EJJI IN THEATRE
My Theatre Life
My earliest appearance on stage was in Class II of Good Shepherd Convent, Madras, in the 1950s, when I appeared in a small scene as the "pie man" in "Simple Simon met a Pie man". The play had school children depicting nursery rhyme characters and was staged at The Museum Theatre. What little I remember is that I wore a Baker's cap made of paper on my head, and I was dry-mouthed with stage fright. I also remember wearing a paper apron, and one pin on one of my shoulders slipped and I had a hanging apron on one side. Bad beginning for an exciting future on stage indeed! My first director was a nun from Good Shepherd Convent.
Later, I used to do skits and short plays in Round Table and Rotary. But you cannot call them "plays".
I have been associated with the stage in various capacities due to my company advertising our services through tickets for English plays staged in Madras, since 1971. Ejji Domestic Service for many years did the ticketing of all English plays in Madras, not as a matter of generosity, but with a purely selfish motive. We had the elite of Madras society for captive advertising of our services. This is how I came to know "The Madras Players", India's oldest theatre group who have completed 50 years on stage now. I have served on the Committee of Management of The Madras Players for many years.
"The Dreams of Tipu Sultan" written by Girish Karnad, was my first major play. Director N.S.Yamuna cast me as "Osman Khan", the Commander of Tipu’s army, in "The Madras Players" production of the mammoth play. This play was staged in February 2000 for 5 days at the Open Air Auditorium in YMCA Nandanam, Chennai. I also did the part of Arthur Wellesley in the same play, in a scene that was done as a shadow play by back lighting the actors on to a white cloth screen, a novelty rarely ever repeated. The play was a big hit, and Girish Karnad himself watched the play one evening. It was literally a "70mm play", the vista of the stage being a few hundred feet in width! It had a cast of 40 actors not counting the "atmosphere actors". The back up and technical team was the best in their vocations. Sarika (Kamalahasan) did the costumes. Mohan Narayanan and Anil Srinivasan composed special music. At that point of time, it was the biggest play staged by The Madras Players.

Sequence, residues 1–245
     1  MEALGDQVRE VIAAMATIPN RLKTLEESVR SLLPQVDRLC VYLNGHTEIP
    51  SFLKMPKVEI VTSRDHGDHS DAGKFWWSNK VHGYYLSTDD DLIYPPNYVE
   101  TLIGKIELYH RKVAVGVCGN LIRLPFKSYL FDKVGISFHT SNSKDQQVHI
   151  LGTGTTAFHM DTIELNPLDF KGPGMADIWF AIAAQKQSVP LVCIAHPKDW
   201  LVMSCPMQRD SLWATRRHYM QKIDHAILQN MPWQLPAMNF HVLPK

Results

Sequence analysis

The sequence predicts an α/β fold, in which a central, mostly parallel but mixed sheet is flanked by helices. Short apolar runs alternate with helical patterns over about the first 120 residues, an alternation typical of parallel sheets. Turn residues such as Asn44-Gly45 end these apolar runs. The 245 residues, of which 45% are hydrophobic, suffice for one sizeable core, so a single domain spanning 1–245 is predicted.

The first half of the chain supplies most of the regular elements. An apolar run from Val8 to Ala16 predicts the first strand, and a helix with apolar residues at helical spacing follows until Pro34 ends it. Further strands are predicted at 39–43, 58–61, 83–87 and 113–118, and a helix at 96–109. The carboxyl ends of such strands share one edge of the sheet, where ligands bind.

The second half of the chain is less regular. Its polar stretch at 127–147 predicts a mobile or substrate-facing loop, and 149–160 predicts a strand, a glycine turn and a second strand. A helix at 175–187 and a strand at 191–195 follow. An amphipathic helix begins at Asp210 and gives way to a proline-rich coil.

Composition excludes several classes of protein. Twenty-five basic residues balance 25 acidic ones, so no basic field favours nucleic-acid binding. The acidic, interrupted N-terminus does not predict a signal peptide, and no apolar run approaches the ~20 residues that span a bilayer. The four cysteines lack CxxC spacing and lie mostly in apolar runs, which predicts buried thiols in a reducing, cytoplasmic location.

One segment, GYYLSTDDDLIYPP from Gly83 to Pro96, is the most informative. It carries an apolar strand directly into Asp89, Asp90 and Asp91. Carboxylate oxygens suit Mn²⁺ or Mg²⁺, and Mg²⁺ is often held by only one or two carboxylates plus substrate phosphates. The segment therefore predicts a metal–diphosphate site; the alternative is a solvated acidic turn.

"Phoenix" written by Anushka Ravishankar was my next major play. Bhagirathi Narayanan directed this. I play the character Narayan a handicapped person in a wheel chair. This was the specialty about this role. It was a unique experience, as I had to show all emotions using only my face. It opened in Chennai, and being a serious play, had a niche audience. It was selected as one of the seven plays by Royal Court Theatre, London, in association with the British Council in India & Sri Lanka and the Artiste Repertory Theatre (ART), Bangalore for performance in the StageRite Festival in Bangalore in October 2002.
"Squabbles" by Marshall Karp is my favorite play. A roaring comedy, it was directed by Noshir Rathnagar, one of the doyens of "Theatre Comedy" in the country. My role was as Abe Dreyfusss, an old man, the key character. Squabbles was quite a hit with many shows in Chennai and Coimbatore.
"Funny Money" by Ray Cooney was another hit I acted in. Directed by Mithran Devanesan, it has a special meaning for me. The whole play is about me. Yet I appear only in the last 10 minutes!! I am a goon, dressed in black pants and black full-sleeved shirt open at the collar, with a white badly knotted tie and a bald-head (I shaved my head bald before every performance). I get hit on the bald head by a heavy box, crash to the floor with a huge thud (I was fitted with abdomen guards, knee pads, elbow pads, etc.) I practiced falling with a film stunt director, and the wooden floor of the Museum Theatre stage was perfect for the making the biggest of sounds falling down. My entrance and the few minutes was perhaps the biggest hit in the play. It was a very physically taxing role, and the few minutes on stage were like doing a three-hour serious play, though the role and the play itself were anything but serious. A rip-roaring comedy it was. This play was last performed in August 2003 at Coimbatore for a very big audience.